Baseball and scandals are not too common, but I think we've all heard of Shoeless Joe Jackson, He is remembered for his performance on the field and for his association with the Black Sox Scandal, in which members of the 1919 Chicago White Sox participated in a conspiracy to fix the World Series. As a result of Jackson's association with the scandal, Kenesaw Mountain Landis, Major League Baseball's first commissioner, banned Jackson from playing after the 1920 season despite exceptional play in the 1919 World Series. Hey, he even made it to Field of Dreams, he was that well known!

    On the other hand, I think baseball messed up the Performance Enhancement era (is it even over in this and many other sports??), when it was clear that players became bigger and stronger and faster and who knows what else, thanks to drugs. The only good news, some will not likely be Hall of Famers as a result.

    A certain amount of cheating has been allowed for decades....including minor forms of sign stealing, doctored baseballs, corked bats, and so on. I suppose the actions were not large enough to be disciplined similarly, though there are plenty of examples of individuals being challenged for their behaviour. George Brett's bat was one for the ages. Plenty of pitchers who put sticky stuff on the baseballs, or wet stuff.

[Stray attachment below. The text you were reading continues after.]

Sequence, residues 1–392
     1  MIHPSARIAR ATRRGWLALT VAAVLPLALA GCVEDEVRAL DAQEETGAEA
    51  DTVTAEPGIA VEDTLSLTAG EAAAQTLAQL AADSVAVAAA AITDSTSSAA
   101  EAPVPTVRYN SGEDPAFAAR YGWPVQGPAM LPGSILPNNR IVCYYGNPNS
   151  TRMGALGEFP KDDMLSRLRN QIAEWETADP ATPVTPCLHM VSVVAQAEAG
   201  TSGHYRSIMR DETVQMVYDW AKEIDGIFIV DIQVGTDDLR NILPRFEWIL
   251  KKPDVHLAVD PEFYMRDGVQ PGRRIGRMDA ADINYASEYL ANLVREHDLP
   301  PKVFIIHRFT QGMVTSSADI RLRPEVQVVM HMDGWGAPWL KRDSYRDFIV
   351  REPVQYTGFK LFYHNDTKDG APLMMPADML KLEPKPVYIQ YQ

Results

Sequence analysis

But no matter what happens, Houston's World Series championship, and their return to The World Series, only to lose to Washington, is tainted for me. In fact I was pulling for Houston to beat The Nationals last season, but now I am glad they did not win.

    Further, I would be surprised if they are alone in this or a similar form of cheating.

  2. #2
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    https://www.espn.com/mlb/story/_/id/...vp-aaron-judge

    Pretty much what he said. Dudes lost careers because of this. I hope they are hounded and humiliated forever.

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    Quote Originally Posted by Bronco51 View Post
    https://www.espn.com/mlb/story/_/id/...vp-aaron-judge

    Pretty much what he said. Dudes lost careers because of this. I hope they are hounded and humiliated forever.
    Saw the interview. I completely get why the Altuve shirt thing is not going away anytime soon. I remember him holding on to it, and it seemed strange at the time. Given what came afterward, it makes a lot of sense. Even his answer when questioned, was bizarre...that his wife didn't like it. Cmon dude, the way he was rejecting the removal of his shirt leaves me not buying it.